Table 2 Dimensions of common tank sizes
|Tank Volume (L)||Wall Height||Diameter||Tank Pad|
If the footprint of the tank you need is too big or won’t work for the layout of your property, then there are alternative wall heights and diameters to fit a larger volume in a smaller space. You could also look either at a poly sump tank and pumping the rainwater up to a tank in a more suitable spot or having two smaller tanks that will hold the desired volume of rainwater.
What does a rainwater tank cost?
There are 4 main costs that are involved in installing a large rainwater tank. They are:
- Site preparation and earthworks.
- Supply and installation of the tank.
- Installation of the downpipes and inlet pipework.
- Installation of a pressure pump and water filtration.
While the tank maybe only quoted at $8000-$12,000 installed, this will only cover the supply and installation of the tank itself. This only a part of the total costs of the job and you need to ensure that you have budgeted for everything you will need.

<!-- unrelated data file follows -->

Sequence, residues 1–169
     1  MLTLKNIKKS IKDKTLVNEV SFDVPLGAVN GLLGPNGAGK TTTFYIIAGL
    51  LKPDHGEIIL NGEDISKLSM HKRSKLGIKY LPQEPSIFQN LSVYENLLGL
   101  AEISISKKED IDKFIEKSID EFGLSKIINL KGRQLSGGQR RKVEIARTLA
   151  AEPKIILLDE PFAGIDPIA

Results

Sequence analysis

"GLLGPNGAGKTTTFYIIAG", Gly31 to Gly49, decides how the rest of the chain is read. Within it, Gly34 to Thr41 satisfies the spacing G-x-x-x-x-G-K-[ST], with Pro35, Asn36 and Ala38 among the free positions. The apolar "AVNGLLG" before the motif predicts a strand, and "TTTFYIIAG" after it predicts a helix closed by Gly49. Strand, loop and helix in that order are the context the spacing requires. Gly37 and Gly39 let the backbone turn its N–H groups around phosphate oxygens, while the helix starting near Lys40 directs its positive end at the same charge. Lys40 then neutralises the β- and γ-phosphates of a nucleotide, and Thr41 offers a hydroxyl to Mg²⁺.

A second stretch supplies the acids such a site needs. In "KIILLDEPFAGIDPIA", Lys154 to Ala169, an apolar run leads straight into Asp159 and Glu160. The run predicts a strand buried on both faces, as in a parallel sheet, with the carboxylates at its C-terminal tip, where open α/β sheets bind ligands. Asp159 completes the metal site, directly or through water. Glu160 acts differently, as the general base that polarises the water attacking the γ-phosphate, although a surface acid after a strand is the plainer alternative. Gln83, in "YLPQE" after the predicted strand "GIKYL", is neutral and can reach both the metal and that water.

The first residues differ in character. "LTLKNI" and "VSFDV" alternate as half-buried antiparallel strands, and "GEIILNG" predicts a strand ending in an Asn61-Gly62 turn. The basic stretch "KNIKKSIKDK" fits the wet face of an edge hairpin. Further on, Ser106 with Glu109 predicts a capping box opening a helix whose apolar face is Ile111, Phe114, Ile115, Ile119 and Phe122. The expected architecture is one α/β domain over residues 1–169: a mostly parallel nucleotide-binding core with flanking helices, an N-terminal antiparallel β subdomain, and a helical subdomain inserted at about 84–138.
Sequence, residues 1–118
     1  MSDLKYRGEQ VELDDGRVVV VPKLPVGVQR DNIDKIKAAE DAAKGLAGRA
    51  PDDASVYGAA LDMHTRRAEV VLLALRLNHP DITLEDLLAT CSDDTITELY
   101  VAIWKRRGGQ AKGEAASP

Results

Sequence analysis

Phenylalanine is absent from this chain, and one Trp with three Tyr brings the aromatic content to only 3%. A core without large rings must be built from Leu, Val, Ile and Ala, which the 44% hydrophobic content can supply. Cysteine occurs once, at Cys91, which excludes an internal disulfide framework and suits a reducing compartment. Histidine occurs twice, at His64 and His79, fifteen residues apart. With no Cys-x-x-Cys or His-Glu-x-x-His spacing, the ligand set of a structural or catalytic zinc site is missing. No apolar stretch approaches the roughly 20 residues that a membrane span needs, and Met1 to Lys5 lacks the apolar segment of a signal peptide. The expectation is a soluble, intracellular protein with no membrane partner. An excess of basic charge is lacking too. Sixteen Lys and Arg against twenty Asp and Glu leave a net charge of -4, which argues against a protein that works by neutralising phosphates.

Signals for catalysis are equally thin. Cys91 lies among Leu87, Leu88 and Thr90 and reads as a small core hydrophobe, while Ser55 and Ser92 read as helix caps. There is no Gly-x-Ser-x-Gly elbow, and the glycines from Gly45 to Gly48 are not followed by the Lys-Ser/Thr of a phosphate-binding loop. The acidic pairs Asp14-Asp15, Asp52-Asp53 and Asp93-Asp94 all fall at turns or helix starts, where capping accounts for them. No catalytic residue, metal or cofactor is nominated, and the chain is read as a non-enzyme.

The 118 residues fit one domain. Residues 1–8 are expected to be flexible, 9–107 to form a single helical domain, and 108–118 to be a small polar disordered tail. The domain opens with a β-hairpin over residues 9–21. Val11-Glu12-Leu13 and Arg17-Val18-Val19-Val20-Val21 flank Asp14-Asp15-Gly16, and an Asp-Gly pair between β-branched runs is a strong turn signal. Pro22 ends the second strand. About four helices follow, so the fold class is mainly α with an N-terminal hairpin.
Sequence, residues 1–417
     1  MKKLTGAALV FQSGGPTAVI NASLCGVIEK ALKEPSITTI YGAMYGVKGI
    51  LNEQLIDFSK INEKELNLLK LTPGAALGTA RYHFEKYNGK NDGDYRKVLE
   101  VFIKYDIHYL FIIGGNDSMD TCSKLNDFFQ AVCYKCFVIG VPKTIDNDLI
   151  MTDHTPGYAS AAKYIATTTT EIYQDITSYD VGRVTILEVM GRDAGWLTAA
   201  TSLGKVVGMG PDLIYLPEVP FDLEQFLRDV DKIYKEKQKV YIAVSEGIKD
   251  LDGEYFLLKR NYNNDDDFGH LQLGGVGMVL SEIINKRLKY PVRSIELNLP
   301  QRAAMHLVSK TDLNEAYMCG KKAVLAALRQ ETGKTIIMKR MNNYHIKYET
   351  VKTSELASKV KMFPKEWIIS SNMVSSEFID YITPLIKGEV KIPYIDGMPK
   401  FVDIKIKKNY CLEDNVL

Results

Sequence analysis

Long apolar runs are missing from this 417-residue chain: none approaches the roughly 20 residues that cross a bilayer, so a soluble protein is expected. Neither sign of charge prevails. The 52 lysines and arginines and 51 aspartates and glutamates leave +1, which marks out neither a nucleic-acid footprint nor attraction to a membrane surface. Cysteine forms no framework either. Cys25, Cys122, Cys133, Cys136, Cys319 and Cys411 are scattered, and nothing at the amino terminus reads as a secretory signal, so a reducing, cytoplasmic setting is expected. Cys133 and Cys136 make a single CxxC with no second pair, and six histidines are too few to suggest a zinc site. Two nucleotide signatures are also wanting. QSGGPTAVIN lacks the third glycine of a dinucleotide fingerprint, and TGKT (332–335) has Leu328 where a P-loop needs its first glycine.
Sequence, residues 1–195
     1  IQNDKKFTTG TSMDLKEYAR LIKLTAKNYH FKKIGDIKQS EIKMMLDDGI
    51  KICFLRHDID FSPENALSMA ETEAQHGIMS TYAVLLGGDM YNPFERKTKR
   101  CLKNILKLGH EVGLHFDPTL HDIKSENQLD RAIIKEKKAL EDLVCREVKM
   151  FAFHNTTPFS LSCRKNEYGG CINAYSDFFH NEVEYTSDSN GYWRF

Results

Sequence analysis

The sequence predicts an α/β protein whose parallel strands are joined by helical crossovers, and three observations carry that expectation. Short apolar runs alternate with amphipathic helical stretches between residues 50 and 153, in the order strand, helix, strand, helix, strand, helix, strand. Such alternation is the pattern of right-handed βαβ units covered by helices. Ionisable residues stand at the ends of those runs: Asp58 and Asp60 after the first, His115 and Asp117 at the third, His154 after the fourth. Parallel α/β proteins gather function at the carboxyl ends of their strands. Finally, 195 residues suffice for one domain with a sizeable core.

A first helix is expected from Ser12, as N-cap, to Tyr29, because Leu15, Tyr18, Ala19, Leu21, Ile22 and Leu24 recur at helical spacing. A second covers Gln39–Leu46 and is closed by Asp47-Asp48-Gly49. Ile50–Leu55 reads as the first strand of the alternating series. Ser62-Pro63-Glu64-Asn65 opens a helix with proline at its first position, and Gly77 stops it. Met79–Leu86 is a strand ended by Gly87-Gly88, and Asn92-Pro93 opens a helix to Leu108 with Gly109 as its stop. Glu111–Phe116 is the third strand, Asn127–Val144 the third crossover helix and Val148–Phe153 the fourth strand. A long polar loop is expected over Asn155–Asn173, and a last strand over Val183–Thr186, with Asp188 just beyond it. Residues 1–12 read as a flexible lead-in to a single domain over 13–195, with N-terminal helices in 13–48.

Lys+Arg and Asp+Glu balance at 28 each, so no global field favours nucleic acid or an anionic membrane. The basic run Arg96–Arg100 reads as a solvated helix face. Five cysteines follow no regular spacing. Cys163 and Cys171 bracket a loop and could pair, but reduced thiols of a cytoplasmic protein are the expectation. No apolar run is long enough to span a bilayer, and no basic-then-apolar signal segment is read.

The site preparation and sand pad for a large water tank should be completed by an experienced earthworks operator. Generally the costs will be between $1000 and $2000 and when it is completed the pad will be even, level and made from a quality screened brickies or river sand. If a cheap fill sand is used, it may not hold the weight of the tank properly and over time you could risk collapse. Also if the pad is not up to standard, then the tank install crew will either make it good (at an hourly rate) or walk away until you have got it up to standard.
Once the tank is installed, then there has to be water placed into the tank on completion for ballast. If you don’t have clean bore water or rainwater on site, then a tanker of water could cost $400 delivered. In addition so that the tank is not undermined and the warranty is maintained, the surroundings of the tank need to have blue metal spread around them which could cost between $200 to $400 depending on the tank size.
If you want to save a few dollars, then downpipes are something that you can do yourself and get it right. If you want to leave it up to a competent contractor, then depending on the amount of trenching and pipe needed, it could cost anywhere from $500 to $2000 to complete all the required pipes. Also make sure that there a good first flush diverter system installed and that the fall of the downpipes is sufficient to let enough water flow into your tank.